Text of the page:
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Author Topic: Hardware Wallets and the Ledger Nano App  (Read 1025 times)
MJS_gold
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November 09, 2016, 01:26:38 PM
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I've decided to buy a hardware wallet and have been comparing the Ledger Nano to the Trezor and the "Nano S."   It appears that in order to access your bitcoin, the Trezor and the Nano S only require that you have possession of their device and a four-digit PIN.  I like that the Ledger Nano has the additional requirement that you have possession of their "security card" or their smartphone app which has been paired to your device using the security card.  

I understand that the Ledger "security card" is theoretically vulnerable to keylogging malware when dozens of send transactions are made from one infected computer.  Does their smartphone app address this vulnerability well?  Is the app reliable on Android phones?  
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November 09, 2016, 02:29:44 PM
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I've decided to buy a hardware wallet and have been comparing the Ledger Nano to the Trezor and the "Nano S."   It appears that in order to access your bitcoin, the Trezor and the Nano S only require that you have possession of their device and a four-digit PIN.  I like that the Ledger Nano has the additional requirement that you have possession of their "security card" or their smartphone app which has been paired to your device using the security card.  

I understand that the Ledger "security card" is theoretically vulnerable to keylogging malware when dozens of send transactions are made from one infected computer.  Does their smartphone app address this vulnerability well?  Is the app reliable on Android phones?  


You can still buy a Ledger Nano (original design) that required the security card. The new Nano S does not and is a better wallet in all respects, also works with Mycelium on Android. The Nano S is twice the price of the Nano about $64 and worth it.

MJS_gold
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November 09, 2016, 06:57:20 PM
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You can still buy a Ledger Nano (original design) that required the security card. The new Nano S does not and is a better wallet in all respects, also works with Mycelium on Android. The Nano S is twice the price of the Nano about $64 and worth it.

I expect to use a hardware wallet for long term storage, making very infrequent send transactions.  [I will maintain a separate less secure hot wallet containing much less BTC for spending.]   With the Ledger Nano, I can keep the "security card" in my safe deposit box (and perhaps a hidden version on my computer) so that if a robber obtains my Ledger Nano and my PIN, he still cannot get my bitcoins.  Why is this inferior to the Trezor or Nano S?
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November 09, 2016, 09:10:27 PM
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You can still buy a Ledger Nano (original design) that required the security card. The new Nano S does not and is a better wallet in all respects, also works with Mycelium on Android. The Nano S is twice the price of the Nano about $64 and worth it.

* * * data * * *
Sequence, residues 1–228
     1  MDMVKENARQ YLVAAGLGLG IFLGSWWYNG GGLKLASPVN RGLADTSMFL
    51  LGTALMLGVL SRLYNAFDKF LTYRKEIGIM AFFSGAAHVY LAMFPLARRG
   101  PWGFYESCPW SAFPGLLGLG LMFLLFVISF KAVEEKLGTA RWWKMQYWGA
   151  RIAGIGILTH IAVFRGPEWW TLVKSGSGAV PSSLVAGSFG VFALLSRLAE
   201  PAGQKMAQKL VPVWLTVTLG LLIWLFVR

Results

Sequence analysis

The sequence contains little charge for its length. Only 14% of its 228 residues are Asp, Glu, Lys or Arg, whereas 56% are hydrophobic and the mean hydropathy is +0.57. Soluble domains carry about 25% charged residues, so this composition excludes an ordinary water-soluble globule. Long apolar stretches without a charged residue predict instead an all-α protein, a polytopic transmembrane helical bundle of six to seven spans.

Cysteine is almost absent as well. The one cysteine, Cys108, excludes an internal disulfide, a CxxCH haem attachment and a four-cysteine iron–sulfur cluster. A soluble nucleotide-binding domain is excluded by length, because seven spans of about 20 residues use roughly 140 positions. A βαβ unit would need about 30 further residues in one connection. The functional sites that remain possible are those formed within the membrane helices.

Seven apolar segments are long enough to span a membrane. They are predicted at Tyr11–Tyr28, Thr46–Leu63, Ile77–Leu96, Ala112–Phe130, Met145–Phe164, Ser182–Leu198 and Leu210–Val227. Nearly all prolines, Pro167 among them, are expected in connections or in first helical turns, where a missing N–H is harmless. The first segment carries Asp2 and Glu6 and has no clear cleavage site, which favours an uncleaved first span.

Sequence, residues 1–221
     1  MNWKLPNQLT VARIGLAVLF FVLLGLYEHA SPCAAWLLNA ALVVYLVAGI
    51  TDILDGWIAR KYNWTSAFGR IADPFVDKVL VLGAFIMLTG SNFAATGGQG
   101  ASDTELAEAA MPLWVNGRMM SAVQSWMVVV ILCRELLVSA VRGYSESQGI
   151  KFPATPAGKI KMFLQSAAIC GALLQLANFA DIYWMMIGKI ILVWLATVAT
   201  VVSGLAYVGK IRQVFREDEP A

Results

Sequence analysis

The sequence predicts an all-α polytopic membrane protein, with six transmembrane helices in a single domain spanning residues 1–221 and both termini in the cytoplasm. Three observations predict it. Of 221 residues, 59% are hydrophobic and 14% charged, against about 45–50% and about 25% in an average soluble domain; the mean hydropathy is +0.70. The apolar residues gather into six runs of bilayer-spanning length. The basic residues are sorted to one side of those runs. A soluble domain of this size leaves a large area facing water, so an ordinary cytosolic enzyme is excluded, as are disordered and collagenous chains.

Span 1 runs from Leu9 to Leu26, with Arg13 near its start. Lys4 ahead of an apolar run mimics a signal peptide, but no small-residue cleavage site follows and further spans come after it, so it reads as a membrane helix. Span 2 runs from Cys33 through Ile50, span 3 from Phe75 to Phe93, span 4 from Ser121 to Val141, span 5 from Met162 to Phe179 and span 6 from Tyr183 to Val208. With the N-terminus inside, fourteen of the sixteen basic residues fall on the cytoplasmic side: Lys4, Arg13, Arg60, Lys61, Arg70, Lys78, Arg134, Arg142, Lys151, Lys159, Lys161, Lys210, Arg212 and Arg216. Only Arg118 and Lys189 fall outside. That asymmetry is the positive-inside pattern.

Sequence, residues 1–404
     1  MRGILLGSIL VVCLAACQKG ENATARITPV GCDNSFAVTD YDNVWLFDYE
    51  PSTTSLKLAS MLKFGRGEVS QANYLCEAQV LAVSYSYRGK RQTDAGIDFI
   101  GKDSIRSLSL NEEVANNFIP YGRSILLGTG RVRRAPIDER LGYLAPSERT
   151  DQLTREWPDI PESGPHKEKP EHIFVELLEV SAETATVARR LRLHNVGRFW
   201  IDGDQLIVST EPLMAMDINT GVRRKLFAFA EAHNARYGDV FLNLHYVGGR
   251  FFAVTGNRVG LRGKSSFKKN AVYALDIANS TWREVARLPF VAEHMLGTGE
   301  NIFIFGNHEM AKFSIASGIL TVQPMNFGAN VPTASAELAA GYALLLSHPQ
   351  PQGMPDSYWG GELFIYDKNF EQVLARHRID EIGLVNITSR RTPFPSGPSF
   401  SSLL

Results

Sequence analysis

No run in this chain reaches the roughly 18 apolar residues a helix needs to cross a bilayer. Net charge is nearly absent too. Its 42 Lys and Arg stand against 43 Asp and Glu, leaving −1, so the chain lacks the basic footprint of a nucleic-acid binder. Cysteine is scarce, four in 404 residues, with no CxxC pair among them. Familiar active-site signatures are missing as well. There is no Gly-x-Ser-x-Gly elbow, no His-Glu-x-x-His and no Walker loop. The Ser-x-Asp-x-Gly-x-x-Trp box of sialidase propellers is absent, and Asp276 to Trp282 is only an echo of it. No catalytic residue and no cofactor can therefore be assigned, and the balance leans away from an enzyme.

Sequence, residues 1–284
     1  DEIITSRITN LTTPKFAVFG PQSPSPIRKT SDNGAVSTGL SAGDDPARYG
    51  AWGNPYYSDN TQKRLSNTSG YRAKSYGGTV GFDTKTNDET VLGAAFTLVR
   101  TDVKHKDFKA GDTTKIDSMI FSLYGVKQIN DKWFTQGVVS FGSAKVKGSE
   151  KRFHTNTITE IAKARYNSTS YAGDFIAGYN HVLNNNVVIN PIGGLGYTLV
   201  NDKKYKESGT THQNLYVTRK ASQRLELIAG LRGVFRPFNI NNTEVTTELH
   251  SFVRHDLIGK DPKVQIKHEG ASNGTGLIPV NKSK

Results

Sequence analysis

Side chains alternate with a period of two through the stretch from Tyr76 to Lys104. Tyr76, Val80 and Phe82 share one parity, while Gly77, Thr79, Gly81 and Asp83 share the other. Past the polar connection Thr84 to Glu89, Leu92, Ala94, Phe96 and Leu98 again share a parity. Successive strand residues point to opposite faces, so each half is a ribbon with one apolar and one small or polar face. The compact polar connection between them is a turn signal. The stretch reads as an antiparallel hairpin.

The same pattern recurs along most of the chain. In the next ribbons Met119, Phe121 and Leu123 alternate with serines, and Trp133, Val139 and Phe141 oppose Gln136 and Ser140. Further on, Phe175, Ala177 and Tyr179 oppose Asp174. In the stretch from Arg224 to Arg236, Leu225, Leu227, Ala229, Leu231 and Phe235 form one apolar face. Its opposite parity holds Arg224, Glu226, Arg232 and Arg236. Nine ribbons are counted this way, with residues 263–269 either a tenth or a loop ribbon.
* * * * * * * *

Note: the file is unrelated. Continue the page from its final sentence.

I expect to use a hardware wallet for long term storage, making very infrequent send transactions.  [I will maintain a separate less secure hot wallet containing much less BTC for spending.]   With the Ledger Nano, I can keep the "security card" in my safe deposit box (and perhaps a hidden version on my computer) so that if a robber obtains my Ledger Nano and my PIN, he still cannot get my bitcoins.  Why is this inferior to the Trezor or Nano S?

The Ledger Nano S can be restored from seed directly input on the device itself. That means there is no possibility of malware stealing your seed if you have to restore your wallet. The Nano S also stores private keys for Ether and Ether Classic, as well as Litecoin. It can be used for secure login on U2F sites like Google and Dropbox. More coins will probably be added. Nano S is just a giant step forward from the Nano so why save a few bucks. Get the better wallet. Your money your decision.

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November 09, 2016, 09:33:53 PM
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The Ledger Nano S can be restored from seed directly input on the device itself. That means there is no possibility of malware stealing your seed if you have to restore your wallet. The Nano S also stores private keys for Ether and Ether Classic, as well as Litecoin. It can be used for secure login on U2F sites like Google and Dropbox. More coins will probably be added. Nano S is just a giant step forward from the Nano so why save a few bucks. Get the better wallet. Your money your decision.

I don't anticipate owning enough altcoins to worry about storing them in a hard wallet, and I do not want to use my USB bitcoin wallet to login to websites.   You make a good point about restoring the wallet from seed.  The Nano would require using a safe or air-gapped computer which is less convenient.   Nevertheless, the Nano seems more secure to me if initialized on a safe computer...and if their Android app works well.
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